Ah, November 2010. I was so young and strong back then.

benjamin.hill@mlb.com

twitter.com/bensbiz

Moving Forward In Reverse

My original plan was to devote today’s post exclusively to food (shocker, I know), but you know what they say about the best laid plans:

They are often interrupted by a reversible hat!

The Altoona Curve announced their new logos and uniforms earlier this offseason, and the shape-shifting item seen above represents the final piece of the puzzle. Remarks the franchise:

[T]he Altoona Curve’s new home cap is believed to be the first in Minor League Baseball to feature a specially-designed, rally cap lining. When the Railroad Red cap with the new Engineer head logo is turned inside out, a bright orange lining with large black eyes is displayed to simulate the look of popular Curve rally mascot, Al Tuna.

The cap is the work of Plan B Branding, who are understandably excited by their latest innovation. I chatted briefly with company co-founder Jason Klein over IM yesterday, but all he wrote was “Al Tuna! Al Tuna!” before my connection gave out. But perhaps that’s all that was needed.

Al Tuna! Al Tuna!

But in case you were wondering, the players themselves won’t be wearing the rally caps. Curve manager PJ Forbes told the Altoona MirrorI can emphatically say no. But it is a nice touch for the fans, and it’s another way to get the fans involved, which is what it’s all about.” Which reminds me, why isn’t there a “Come to the Park in Your PJs” night on the Curve promotional calendar? It would be a great way to honor the manager while getting the fans involved. And that’s what it’s all about!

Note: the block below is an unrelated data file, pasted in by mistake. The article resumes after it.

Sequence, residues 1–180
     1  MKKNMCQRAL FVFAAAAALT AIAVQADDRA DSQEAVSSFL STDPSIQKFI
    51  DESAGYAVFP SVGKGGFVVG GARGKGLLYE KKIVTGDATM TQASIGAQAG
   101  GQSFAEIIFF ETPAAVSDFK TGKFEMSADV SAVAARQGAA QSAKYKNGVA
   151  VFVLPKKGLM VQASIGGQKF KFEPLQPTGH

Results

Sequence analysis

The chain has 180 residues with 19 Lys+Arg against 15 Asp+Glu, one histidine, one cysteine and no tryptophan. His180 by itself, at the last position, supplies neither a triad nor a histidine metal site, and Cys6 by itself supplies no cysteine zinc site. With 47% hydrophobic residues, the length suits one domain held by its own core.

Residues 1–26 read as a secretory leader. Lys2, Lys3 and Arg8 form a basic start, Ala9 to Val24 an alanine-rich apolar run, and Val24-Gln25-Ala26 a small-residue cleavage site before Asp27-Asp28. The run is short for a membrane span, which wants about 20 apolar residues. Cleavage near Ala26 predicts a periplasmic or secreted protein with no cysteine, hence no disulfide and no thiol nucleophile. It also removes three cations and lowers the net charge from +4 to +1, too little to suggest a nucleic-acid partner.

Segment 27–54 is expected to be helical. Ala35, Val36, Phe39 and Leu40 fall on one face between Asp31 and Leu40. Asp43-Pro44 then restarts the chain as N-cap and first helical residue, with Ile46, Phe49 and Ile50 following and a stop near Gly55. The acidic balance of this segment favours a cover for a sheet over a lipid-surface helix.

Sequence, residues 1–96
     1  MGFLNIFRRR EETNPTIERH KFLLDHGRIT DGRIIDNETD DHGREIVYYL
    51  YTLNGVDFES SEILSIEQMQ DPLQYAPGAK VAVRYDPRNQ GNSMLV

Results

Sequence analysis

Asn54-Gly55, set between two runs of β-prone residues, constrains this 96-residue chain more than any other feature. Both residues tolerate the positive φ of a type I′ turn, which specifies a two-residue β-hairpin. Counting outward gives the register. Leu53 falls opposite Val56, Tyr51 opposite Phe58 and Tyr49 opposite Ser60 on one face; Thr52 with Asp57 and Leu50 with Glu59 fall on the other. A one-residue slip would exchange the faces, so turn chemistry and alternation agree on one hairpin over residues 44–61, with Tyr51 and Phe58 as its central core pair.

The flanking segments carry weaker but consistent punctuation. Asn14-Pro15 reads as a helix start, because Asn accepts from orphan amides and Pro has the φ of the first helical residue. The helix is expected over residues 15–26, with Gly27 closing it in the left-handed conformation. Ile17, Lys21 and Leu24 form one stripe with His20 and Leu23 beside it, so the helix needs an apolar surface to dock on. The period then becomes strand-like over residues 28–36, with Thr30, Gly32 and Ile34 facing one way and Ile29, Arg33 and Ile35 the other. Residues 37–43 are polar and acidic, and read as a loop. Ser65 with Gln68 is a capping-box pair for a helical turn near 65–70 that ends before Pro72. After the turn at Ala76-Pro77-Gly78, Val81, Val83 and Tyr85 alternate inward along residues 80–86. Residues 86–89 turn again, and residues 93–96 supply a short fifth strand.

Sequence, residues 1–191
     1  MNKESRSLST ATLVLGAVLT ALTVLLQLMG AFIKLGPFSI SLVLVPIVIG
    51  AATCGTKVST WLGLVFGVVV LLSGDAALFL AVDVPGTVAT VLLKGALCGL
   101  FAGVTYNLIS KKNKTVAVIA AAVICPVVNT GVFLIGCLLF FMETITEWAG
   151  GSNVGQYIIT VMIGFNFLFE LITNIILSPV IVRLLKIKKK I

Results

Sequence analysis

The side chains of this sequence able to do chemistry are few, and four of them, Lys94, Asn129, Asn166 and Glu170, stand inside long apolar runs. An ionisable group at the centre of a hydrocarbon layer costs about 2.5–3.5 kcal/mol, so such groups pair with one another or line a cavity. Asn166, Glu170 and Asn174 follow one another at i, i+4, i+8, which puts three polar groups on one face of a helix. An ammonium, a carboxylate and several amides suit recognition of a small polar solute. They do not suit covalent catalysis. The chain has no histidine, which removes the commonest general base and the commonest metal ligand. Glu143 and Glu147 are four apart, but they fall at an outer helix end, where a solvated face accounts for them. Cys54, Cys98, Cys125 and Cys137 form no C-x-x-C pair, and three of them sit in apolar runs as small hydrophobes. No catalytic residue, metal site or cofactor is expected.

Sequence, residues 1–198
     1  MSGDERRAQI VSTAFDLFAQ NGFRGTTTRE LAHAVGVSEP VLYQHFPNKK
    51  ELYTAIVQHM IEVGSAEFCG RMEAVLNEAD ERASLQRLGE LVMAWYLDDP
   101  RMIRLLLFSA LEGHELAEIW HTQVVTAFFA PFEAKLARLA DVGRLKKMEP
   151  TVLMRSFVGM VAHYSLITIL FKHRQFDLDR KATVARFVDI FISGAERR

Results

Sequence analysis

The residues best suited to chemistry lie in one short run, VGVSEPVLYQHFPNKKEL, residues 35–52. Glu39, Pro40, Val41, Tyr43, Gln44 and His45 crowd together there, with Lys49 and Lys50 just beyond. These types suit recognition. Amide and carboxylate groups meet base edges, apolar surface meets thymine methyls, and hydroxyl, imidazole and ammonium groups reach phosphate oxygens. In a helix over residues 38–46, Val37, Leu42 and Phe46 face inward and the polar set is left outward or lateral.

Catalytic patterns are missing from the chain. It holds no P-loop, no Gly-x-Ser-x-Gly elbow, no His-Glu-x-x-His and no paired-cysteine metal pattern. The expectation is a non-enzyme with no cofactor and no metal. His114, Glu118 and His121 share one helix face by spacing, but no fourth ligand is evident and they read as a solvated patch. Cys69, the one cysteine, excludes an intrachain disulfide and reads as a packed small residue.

Speaking of getting the fans involved, the Huntsville Stars are going to be broadcasting games in a most interesting fashion this season:

The Stars will be replacing the traditional radio broadcast with a live web show for every home game.  The webcast, “The Living Room Show”, will bring a different level of entertainment to the ballpark, putting the broadcast in the hands, and seats, of fans. Ryan “Pokey” Hayden, a former voice of Troy University athletics, will host the show and keep things rolling. He’ll also be in charge of calling the play-by-play, and it won’t be from the press box. Hayden will be seated on a couch in the seating bowl, calling the game with the people who love it most: the fans.